Title page for ETD etd-07052011-133220


Type of Document Master's Thesis
Author Smith, Daniel Davis
Author's Email Address dsmi112@tigers.lsu.edu
URN etd-07052011-133220
Title Design, Development, and Testing of a Multi-agent Autonomous Surface Fleet for Environmental Applications
Degree Master of Science in Biological & Agricultural Engineering (M.S.B.A.E.)
Department Biological & Agricultural Engineering
Advisory Committee
Advisor Name Title
Hall, Steven G. Committee Chair
Bengtson, Richard L Committee Member
Wandersee, James H Committee Member
Keywords
  • water quality
  • automation
  • autonomous vehicle
  • aquacultural engineering
  • aquaculture
Date of Defense 2011-05-19
Availability unrestricted
Abstract
As costs have decreased and both computational complexity and robustness have increased, the use of autonomous vehicles in real-world environments has increased dramatically. The development of a fleet of autonomous surface vehicles able to coordinate their actions through communications provides a significant tool for numerous water-based applications such as the reduction of predatory birds on aquaculture ponds, tracking of pollutant gradients, and water quality mapping applications.

A fleet of three autonomous surface vehicles (ASVs) was developed using the best characteristics from earlier designs. Each vehicle is a dual-pontoon, dual-paddlewheel design powered by batteries recharged using a vehicle-mounted solar array that produces a peak output of 30 Watts. The control system consists of two microcontrollers: a TS-7260 ARM-based microcontroller board that handles high-level functions such as navigation, the collection, storage, and analysis of data, and communication; and a BASIC Atom Pro that handles motor control.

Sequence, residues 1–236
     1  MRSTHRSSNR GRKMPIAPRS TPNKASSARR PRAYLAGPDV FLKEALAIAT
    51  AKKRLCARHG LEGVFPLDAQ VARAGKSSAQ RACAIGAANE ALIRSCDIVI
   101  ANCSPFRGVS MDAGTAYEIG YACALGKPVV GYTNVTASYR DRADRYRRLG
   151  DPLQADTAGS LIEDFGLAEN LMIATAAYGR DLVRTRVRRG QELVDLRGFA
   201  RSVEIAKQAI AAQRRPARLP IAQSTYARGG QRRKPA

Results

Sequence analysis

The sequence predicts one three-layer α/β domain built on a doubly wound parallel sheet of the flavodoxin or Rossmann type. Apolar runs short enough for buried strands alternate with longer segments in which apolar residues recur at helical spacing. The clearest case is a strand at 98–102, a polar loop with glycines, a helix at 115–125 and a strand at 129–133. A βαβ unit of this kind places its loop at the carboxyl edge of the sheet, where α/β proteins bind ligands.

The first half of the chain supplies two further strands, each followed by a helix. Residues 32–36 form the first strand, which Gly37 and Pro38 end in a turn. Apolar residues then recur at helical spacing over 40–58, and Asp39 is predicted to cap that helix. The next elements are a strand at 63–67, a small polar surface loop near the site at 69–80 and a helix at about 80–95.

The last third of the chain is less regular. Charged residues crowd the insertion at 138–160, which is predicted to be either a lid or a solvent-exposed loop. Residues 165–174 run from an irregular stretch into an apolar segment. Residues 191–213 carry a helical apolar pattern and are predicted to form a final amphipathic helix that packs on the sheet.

A major design goal was modularity. This allows for quick and easy field repairs and upgrades. Communication is essential for fleet success. The dual-microcontroller system in these ASVs has two levels of communication. Intra-ASV communications are handled via serial connections between the ARM and the BASIC Atom Pro on each ASV, whereas inter-ASV communications use XBee Radio Modules with an approximate range of 300 meters. Through the use of relaying, we have an effective range of 600 meters across the fleet of three ASVs. Longer-ranges are possible with other radios. It is desirable to know at all times where the ASV is both with respect to the other ASVs in the fleet and to the data being collected. By collecting and storing GPS coordinates on a regular basis and especially when a sample is taken, we have the ability to map the data being collected. Maps were constructed demonstrating the potential 50-80% reduction in birds.

The development of the fleet of ASVs provides a novel, inexpensive, highly configurable, mobile platform for experimentation. Future research possibilities exist of significant importance including: gradient tracking of pollutants for both point source and non-point source pollutants; coastal applications including salinity mapping and bathymetry mapping; ecosystem monitoring; biosecurity applications; and others.

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